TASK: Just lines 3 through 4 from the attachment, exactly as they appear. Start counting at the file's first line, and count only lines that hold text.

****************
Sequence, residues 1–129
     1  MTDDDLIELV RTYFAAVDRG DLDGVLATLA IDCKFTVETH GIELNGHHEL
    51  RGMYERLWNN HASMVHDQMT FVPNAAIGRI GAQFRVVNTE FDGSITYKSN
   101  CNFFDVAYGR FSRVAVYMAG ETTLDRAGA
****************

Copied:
    51  RGMYERLWNN HASMVHDQMT FVPNAAIGRI GAQFRVVNTE FDGSITYKSN
   101  CNFFDVAYGR FSRVAVYMAG ETTLDRAGA